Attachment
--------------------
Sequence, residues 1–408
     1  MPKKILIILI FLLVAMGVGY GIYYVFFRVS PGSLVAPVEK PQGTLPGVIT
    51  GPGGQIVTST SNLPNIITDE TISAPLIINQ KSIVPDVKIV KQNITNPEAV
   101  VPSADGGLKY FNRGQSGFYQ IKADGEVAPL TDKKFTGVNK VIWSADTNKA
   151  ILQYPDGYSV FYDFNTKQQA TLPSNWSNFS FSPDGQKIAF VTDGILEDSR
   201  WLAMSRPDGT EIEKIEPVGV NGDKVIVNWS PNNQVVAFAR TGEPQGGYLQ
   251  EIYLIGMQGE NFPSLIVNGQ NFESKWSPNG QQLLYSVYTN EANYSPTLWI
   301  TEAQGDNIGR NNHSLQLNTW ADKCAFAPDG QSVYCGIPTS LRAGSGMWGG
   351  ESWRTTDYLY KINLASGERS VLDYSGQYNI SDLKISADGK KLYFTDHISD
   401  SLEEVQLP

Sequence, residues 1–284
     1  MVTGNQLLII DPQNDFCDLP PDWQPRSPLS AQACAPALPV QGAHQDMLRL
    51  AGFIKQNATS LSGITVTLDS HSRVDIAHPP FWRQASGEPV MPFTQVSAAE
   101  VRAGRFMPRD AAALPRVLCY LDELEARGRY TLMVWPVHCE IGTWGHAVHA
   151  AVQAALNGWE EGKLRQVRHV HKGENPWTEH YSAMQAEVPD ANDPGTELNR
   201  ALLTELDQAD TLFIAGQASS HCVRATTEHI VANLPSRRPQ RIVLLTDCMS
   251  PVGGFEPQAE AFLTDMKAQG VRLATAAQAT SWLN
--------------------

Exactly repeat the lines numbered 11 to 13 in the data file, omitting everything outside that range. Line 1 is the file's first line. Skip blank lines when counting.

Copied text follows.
Sequence, residues 1–284
     1  MVTGNQLLII DPQNDFCDLP PDWQPRSPLS AQACAPALPV QGAHQDMLRL
    51  AGFIKQNATS LSGITVTLDS HSRVDIAHPP FWRQASGEPV MPFTQVSAAE